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Critique of Practical Reason
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Critique of Practical Reason

3.89  ·  Rating details ·  7,796 Ratings  ·  80 Reviews
This seminal text in the history of moral philosophy elaborates the basic themes of Kant's moral theory, gives the most complete statement of his highly original theory of freedom of the will, and develops his practical metaphysics. This new edition, prepared by an acclaimed translator and scholar of Kant's practical philosophy, presents the first new translation of the wo ...more
hardback, 182 pages
Published November 13th 1997 by Cambridge University Press (first published 1788)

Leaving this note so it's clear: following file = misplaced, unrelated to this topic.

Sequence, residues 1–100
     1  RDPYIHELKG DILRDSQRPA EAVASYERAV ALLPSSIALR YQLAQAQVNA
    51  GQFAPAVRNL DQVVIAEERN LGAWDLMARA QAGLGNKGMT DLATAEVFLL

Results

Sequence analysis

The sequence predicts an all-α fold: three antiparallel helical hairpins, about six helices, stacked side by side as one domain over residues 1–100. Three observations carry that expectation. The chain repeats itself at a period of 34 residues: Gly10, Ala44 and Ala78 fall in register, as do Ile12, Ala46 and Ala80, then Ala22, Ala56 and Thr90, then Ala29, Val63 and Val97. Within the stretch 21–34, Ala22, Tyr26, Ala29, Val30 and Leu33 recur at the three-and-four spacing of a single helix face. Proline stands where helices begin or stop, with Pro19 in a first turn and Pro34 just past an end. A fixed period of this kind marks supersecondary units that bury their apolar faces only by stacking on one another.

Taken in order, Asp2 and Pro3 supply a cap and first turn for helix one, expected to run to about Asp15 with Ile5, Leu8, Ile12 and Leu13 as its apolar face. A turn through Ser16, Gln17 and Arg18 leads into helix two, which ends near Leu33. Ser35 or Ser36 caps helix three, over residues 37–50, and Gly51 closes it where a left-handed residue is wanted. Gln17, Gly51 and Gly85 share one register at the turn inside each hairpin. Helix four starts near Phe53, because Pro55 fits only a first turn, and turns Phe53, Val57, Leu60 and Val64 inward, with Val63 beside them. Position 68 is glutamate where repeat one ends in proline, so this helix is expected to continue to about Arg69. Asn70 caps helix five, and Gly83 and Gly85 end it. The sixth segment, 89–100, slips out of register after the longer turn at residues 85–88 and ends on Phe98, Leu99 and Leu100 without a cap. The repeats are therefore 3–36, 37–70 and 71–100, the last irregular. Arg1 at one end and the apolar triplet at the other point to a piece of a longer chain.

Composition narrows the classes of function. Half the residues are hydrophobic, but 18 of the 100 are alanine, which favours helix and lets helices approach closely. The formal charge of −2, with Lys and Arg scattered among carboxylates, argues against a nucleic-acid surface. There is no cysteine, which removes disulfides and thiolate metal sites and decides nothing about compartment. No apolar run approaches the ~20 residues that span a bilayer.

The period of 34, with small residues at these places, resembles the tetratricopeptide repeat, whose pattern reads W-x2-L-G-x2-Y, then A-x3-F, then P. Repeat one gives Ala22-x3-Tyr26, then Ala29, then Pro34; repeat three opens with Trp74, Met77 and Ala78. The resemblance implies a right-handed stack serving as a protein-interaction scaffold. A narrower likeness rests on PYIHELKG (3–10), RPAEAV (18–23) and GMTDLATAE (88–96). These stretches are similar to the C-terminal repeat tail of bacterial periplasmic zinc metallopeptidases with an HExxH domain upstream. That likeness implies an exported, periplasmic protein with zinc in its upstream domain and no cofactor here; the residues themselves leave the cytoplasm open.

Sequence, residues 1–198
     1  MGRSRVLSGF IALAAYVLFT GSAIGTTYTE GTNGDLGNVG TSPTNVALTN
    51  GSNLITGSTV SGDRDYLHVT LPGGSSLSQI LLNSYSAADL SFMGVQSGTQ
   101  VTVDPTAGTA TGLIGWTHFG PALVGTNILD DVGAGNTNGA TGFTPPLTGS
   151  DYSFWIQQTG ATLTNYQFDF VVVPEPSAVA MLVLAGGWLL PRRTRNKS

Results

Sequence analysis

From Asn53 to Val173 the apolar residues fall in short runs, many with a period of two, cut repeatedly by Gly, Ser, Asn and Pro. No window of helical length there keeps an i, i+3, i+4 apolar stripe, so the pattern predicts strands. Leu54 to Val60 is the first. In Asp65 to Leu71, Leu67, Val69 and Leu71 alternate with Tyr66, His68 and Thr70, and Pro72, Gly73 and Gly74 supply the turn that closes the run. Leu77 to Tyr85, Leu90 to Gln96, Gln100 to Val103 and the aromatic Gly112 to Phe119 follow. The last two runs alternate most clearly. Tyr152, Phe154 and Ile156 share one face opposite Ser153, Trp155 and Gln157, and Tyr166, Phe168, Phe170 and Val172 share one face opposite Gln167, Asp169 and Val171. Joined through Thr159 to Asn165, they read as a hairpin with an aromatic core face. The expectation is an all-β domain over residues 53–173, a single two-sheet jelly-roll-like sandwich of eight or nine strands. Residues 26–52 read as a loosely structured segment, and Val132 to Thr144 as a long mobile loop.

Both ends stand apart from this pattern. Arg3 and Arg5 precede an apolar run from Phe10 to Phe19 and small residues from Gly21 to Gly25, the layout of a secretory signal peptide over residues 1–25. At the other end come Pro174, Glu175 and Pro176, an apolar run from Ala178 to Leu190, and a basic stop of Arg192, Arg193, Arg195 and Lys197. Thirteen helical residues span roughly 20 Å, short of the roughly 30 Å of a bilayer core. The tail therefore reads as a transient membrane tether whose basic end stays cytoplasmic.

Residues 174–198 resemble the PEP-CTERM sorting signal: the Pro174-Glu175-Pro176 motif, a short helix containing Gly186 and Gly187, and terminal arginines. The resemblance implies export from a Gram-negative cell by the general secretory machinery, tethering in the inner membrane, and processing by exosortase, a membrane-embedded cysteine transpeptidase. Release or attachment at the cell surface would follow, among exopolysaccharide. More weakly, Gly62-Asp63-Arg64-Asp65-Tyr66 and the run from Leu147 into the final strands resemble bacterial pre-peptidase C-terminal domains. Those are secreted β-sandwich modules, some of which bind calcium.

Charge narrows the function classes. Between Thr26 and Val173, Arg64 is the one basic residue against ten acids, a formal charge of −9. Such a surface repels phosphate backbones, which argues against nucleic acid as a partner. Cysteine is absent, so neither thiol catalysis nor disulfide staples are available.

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Immanuel Kant is what I suppose one would call a 'practical philosopher' in that he is not primarily concerned with the more abstract thoughts of philosophy. Rather his philosophy, as expressed in this book, is one about how practical philosophy, or practical reason, works. He makes a distinction at the beginning of his book between the subjective and the objective, suggesting that practical reason is about making the subjective objective.

This book begins with a section about defining practical
Roy Lotz
Hume, by his criticism of the concept of causality, awakened him from his dogmatic slumber—so at least he says, but the awakening was only temporary, and he soon invented a soporific that enabled him to sleep again.
—Bertrand Russell, A History of Western Philosophy

When I first read that opening salvo of Russell’s chapter on Kant, I thought it rather unfair towards the German monk. But now, after digesting Kant’s philosophy a little more, I can’t help but agree. In fact, I more than agree—I think